Interview: NASCAR DRIVER: BRENDAN GAUGHAN, Article by Sharon Abella

August 19, 2011 § Leave a comment

Well-rounded, well-educated, athletic, enthusiastic, and adventurous, are just a few adjectives to describe American Nascar stock car and truck series driver, #62, Brendan Gaughan.  With 16 NASCAR Career Wins, 10 Pole Awards, 8 Truck Series victories, and 2 series Championships over the past 13 seasons, Brendan has certainly made his mark, however, driving is not the only sport Brendan excels at.  While studying at Georgetown University, he also played basketball and football, as well. Born into a good family, his grandfather, is Vegas gaming pioneer, Jackie Gaughan, while his father is hotel and casino magnate, Michael Gaughan.  When Brendan is not racing, he enjoys spending time with his wife, Tatum, and son, Michael James, as well as, snow-skiing in Colorado, and scuba diving all year round.

Read what BRENDAN GAUGHAN has to say about NASCAR!!!  

Q: SHARON ABELLA:  Did you know from a young age that you wanted to go into racing?

A: BRENDAN GAUGHAN: “You hear stories of people racing go-karts since they were five years old.  That’s what they were groomed to do since they were walking. I don’t like that.  I am a new father, and I don’t like that theory. I never liked that theory.  When I grew up, my dad introduced me to many sports. I was on the swimming team in grade school. I played volleyball. I played baseball. You name it, I played it.  My father did cross-desert, off-desert racing, similar to the Baja-1000, for fun. It was just a hobby for him. He has raced for 30 years, and I would watch him. It was just a fun hobby for my entire family, but  when I got old enough to race, I raced with him. Originally, it was just for fun, and I was good at it, but it was supposed to be just for fun. I loved it, but I was just doing it as a hobby at the time .  I played college sports, so it wasn’t like anything that I thought  I was going to do for the rest of my life. Again, it was something that I was doing for fun, but the better I got, the more people noticed, and the more people were willing to spend other people’s money on me, and now here I am, years later.”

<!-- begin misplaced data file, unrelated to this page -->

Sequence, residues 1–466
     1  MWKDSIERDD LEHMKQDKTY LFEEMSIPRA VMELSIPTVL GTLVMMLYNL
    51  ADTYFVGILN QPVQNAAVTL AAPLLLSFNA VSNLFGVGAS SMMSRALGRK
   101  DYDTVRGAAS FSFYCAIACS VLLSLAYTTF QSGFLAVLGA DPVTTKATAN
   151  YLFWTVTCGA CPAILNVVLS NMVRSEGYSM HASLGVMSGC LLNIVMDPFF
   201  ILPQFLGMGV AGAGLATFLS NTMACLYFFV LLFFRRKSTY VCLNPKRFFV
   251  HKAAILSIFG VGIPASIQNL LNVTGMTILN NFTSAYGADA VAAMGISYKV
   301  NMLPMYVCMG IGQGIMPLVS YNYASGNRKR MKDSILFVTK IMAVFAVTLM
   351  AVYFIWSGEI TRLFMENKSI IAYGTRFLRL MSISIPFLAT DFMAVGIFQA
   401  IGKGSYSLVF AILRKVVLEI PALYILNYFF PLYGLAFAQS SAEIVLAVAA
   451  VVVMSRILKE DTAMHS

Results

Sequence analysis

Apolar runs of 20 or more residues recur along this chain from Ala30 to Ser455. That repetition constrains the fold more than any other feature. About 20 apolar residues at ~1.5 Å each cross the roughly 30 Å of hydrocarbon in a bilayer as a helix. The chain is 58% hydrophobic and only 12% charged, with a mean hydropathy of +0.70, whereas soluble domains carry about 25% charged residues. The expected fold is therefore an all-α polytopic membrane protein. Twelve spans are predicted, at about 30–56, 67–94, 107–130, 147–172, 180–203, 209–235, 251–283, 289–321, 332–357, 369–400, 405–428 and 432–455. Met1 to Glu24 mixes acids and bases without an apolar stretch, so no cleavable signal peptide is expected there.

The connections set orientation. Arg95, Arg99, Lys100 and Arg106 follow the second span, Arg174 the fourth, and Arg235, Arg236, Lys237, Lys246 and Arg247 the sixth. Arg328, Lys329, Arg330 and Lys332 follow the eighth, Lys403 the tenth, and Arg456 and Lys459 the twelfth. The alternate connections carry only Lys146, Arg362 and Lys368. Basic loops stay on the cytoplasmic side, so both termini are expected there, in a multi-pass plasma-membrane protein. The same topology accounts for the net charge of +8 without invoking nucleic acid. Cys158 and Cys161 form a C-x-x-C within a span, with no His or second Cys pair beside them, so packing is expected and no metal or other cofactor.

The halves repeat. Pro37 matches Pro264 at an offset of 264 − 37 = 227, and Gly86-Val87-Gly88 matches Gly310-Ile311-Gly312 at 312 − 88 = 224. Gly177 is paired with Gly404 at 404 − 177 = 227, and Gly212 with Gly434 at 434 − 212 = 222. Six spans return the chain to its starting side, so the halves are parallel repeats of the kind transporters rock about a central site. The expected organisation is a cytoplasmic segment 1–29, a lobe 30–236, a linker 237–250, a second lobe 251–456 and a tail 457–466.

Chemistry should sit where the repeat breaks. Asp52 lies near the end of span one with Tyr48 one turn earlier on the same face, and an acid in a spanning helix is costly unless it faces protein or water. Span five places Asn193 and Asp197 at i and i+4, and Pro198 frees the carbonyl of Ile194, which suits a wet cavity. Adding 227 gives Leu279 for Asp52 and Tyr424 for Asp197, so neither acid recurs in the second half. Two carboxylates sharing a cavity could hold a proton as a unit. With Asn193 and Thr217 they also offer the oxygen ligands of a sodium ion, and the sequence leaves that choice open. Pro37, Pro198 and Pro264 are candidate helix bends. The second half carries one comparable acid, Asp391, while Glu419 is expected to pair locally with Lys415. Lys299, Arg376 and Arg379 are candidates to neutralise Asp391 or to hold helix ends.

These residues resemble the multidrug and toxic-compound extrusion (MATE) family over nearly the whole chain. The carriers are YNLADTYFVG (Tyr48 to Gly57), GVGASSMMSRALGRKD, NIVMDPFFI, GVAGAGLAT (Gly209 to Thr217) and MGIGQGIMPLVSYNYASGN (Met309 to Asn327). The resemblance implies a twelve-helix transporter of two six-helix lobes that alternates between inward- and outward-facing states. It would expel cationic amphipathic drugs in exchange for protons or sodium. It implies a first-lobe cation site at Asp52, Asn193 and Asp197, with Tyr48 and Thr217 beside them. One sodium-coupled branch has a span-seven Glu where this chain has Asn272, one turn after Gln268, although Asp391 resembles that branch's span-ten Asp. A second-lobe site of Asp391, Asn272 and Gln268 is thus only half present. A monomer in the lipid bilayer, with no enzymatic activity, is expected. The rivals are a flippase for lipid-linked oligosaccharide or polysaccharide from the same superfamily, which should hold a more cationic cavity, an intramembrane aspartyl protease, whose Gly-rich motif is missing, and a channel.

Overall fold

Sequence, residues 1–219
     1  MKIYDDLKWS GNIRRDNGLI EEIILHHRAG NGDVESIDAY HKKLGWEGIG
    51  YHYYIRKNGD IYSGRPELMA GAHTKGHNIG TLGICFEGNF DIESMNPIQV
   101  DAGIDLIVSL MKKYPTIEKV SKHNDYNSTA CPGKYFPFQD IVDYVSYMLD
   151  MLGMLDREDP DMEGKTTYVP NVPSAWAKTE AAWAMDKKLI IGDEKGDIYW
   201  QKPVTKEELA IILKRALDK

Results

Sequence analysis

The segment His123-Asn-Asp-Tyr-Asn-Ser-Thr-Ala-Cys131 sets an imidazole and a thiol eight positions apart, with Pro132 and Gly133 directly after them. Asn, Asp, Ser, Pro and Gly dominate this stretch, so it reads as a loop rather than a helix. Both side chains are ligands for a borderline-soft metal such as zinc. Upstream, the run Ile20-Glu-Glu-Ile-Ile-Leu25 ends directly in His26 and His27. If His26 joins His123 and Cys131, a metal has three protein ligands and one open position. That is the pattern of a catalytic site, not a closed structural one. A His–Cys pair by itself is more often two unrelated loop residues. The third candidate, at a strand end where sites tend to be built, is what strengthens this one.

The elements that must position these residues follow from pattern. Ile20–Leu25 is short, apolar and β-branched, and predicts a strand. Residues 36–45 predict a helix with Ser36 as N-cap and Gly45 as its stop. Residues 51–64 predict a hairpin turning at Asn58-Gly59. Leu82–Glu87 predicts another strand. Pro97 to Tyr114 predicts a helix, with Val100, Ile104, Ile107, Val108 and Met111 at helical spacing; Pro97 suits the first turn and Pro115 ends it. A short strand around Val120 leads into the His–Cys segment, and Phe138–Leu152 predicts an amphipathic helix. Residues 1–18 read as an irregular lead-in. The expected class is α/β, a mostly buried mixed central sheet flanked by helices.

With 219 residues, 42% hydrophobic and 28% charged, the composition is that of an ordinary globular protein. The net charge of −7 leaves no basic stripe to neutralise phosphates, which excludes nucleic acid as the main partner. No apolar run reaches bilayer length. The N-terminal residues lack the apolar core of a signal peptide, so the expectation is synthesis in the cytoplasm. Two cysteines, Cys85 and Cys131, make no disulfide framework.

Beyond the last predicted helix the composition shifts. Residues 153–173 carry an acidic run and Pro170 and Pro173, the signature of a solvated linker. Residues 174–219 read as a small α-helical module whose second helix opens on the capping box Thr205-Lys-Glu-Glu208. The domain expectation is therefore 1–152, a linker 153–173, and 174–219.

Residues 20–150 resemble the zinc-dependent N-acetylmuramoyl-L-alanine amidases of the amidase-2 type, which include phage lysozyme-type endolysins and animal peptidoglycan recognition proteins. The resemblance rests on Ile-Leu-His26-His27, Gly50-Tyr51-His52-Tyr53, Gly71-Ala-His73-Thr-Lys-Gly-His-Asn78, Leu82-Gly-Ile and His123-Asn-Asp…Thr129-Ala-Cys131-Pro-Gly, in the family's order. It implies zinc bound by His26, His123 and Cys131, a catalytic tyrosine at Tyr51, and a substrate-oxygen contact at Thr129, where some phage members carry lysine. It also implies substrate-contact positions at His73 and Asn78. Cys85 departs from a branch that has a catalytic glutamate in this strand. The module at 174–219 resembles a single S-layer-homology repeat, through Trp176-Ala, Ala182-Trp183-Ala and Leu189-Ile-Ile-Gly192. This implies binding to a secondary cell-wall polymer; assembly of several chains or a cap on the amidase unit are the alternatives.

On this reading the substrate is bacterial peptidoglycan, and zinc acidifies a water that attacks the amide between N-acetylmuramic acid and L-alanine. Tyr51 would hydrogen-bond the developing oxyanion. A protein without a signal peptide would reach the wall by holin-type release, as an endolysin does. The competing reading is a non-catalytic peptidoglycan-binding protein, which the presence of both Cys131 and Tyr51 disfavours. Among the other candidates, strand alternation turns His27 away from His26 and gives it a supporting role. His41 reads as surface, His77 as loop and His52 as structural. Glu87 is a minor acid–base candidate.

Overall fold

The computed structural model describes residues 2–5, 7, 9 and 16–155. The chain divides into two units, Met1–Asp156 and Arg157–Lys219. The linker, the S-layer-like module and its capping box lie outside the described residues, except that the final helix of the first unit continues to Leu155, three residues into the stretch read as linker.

Q: SHARON ABELLA: “What type of training and physical conditioning is involved in racing?”

A: BRENDAN GAUGHAN: “It’s just like most sports. An athlete comes in a lot of different shapes and sizes. Anybody that watches baseball, or football, knows that a wide receiver looks totally different than a lineman.  They are both athletes, but it takes a different  kind of conditioning and a different kind of practice.  The biggest part you have with racing is the mental conditioning, the mental toughness of it.  Because when we hit walls, when we make mistakes, it hurts more. That’s really one of the toughest things. I do stay in shape.  I do like to work out. I fluctuate in weight quite often. You look at some of the best in the business, Jimmie Johnson, Carl Edwards, Mark Martin, they are all in peak physical form.”